After I preached at Immanuel, Radium and blogged about it (see July 15 blog) I received an e-mail from Kathy Rath who is one of the Schumacher clan that come up in these pages from time to time.  This is what she sent –

Below are some family history notes from dad’s side of the family. My grandmother Louisa Loeslie Schumacher (my dad’s mother) grew up (grade school years) at Radium MN. The notes below show that her mother Louisa Loeslie (same name) was the first to be buried at Immanuel Lutheran Cemetery at Radium:

“Their mother Louisa Barbra Loeslie died that fall, Nov. 2, 1889 at age 46. Her stone marks the oldest grave in Radium Cemetery, now called Immanuel Lutheran Cemetery. This one-acre plot was land owned by the Loeslie family and donated for local cemetery.”

The connections alone are fascinating but there is a lot going on here.  First the connections.  I know of at least three families that have relatives still going to Immanuel that are from my churches of Grafton (Zion) and Drayton (Trinity).   The familes are the Horters and Schranks at Grafton and the aforementioned Schumacher connection at Drayton.  There is about 60 miles of distance between these North Dakota churches and Radium.  That is by road, not as the crow flies.  My interest is in the Radium church and how it started.  There is no town there anymore.  Radium ceased to exist.  How did all of these small rural churches rise up and why?  Here is a great “mission” and mercy and life together story.

If I am correct these congregations up here in the North Country can be traced back to a man one year out of seminary.  Here is a story that comes out of Montana.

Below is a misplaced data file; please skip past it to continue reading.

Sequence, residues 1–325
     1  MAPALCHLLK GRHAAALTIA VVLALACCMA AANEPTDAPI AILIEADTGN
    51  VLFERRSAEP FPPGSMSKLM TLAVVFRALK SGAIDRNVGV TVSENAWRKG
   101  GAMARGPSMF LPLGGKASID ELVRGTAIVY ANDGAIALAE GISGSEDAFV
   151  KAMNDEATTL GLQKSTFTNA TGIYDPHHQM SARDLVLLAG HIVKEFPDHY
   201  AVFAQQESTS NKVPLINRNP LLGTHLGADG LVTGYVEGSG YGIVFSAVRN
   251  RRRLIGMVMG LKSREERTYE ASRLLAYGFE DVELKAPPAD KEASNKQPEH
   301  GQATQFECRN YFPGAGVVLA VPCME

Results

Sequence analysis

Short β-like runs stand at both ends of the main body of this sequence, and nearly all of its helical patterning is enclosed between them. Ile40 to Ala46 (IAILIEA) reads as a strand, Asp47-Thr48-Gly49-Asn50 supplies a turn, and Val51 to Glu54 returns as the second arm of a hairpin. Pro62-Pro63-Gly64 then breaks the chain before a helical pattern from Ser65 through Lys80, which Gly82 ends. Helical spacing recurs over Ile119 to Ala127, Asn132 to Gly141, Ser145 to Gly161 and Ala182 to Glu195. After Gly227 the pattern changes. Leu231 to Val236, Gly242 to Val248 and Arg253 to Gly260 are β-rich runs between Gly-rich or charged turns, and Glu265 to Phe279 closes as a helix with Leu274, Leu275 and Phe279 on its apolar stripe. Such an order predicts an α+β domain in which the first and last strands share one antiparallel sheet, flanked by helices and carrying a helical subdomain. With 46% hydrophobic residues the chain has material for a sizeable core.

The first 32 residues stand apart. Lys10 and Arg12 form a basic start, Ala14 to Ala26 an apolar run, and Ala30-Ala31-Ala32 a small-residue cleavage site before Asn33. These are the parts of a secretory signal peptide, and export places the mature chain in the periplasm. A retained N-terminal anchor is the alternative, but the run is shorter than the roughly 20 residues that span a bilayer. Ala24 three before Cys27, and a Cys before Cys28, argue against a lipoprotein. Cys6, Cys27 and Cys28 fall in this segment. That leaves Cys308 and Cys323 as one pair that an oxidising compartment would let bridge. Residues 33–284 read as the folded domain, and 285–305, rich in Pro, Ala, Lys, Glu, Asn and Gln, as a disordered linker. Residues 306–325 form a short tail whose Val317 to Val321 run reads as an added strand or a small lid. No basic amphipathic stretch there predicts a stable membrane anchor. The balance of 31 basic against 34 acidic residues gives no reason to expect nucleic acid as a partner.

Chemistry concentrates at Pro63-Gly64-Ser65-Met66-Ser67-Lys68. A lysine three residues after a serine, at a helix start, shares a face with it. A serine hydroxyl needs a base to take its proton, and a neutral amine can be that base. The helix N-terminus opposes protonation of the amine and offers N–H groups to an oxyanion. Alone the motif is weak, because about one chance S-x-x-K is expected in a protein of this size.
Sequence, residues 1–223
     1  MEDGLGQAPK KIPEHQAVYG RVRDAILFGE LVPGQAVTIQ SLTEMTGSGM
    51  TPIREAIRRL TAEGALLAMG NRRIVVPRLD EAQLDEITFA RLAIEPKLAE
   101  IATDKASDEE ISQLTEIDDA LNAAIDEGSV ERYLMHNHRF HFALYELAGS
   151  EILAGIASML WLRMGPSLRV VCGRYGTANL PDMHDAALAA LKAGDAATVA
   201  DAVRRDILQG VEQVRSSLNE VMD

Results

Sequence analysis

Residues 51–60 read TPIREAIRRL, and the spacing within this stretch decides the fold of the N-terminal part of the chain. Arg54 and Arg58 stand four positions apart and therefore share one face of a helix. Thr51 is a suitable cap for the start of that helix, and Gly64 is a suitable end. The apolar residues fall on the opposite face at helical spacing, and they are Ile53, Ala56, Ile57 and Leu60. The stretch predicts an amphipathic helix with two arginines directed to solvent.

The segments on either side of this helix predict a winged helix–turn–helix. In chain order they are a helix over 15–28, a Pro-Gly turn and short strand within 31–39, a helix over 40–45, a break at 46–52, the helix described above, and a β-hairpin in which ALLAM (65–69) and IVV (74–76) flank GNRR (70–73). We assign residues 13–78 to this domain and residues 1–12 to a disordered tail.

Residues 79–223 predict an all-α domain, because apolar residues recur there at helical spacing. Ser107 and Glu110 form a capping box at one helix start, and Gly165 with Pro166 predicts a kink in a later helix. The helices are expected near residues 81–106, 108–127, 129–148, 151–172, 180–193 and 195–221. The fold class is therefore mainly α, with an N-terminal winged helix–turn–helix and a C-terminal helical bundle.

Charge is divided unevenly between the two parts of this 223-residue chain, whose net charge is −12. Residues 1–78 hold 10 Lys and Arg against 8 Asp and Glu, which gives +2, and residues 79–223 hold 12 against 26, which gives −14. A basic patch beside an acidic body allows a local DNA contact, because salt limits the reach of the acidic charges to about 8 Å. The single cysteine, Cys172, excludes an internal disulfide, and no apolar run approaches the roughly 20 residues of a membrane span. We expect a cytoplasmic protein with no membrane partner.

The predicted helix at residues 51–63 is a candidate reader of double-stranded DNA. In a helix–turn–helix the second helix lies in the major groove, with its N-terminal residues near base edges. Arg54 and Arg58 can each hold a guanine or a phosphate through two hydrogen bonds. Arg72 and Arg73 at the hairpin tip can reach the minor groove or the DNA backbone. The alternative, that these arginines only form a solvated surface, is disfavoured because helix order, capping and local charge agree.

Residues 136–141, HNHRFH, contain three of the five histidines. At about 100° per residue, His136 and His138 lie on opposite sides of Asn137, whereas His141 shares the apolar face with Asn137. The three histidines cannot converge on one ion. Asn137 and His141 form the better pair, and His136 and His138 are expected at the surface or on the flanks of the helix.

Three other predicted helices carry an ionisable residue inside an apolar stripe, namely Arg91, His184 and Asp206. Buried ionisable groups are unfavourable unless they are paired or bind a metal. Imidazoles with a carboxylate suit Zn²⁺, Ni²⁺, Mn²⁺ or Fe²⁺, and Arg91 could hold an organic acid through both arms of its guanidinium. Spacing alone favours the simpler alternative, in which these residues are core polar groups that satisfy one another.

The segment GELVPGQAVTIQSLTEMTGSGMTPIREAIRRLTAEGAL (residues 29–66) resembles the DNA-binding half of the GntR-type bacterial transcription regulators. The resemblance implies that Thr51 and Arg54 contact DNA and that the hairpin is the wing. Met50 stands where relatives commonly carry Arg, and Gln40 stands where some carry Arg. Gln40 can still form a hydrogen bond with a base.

In the spring of 1883, Rev. Adolph Pfotenhauer was finishing his first year in the ministry, making a survey mission journey in Minnesota. He was accompanied by his brother, Rev. Frederick Pfotenhauer. In the Red River Valley area, a woman (and her child) from Miles City, Montana was visiting her sister in Minnesota. The child was baptized, and the mother requested Pastor A. Pfotenhauer to see what could be done for “the very many Lutherans who were moving into Montana and were there being scattered as sheep without a Shepherd.” The information reached the Missions Commission of the Minnesota – Dakota District of the Missouri Synod. Many immigrants were moving westward to the Montana Territory, and a 400% population increase occurred east of the Missouri River between 1880-1885. A report was given by Rev. A. Pfotenhauer to the Minnesota – Dakota District, and a budget of $4,000 was made in 1884 to subsidize thirteen “Reiseprediger” (traveling preachers) in the district.

In 1884, Rev. Herman Glaess, a 25-year-old Reiseprediger from Perham, Minnesota, served a parish 240 miles long with twelve preaching stations from Brainerd, Minnesota, to Jamestown, North Dakota. Born in Germany and a graduate of Concordia Seminary, St. Louis, his parish ran along the route of the Northern Pacific Railroad. The full extent of this line had been completed on September 8, 1883, running directly from his parish to Helena, Montana, as a through line to the Pacific Coast. Glaess was commissioned to make a Montana trip to investigate the mission possibilities, and to serve with Word and Sacrament whatever German Lutherans he might find. In March of 1884, Glaess was among the first Lutheran pastors of any synod to enter Montana on an official mission for the Lutheran church.

So many of these churches started with Pastors that rode the horse and buggy.  We know about lots of them.  One thing that seems to have really sparked so much of the mission movement is the railroad.  But Immanuel Lutheran Church was organized in 1897.  Louisa was buried in what would become the church cemetery 8 years before there was a church.

I would love to find a connection between Glaess and Immanuel and the churches farther North.  If anyone can help it would be appreicated.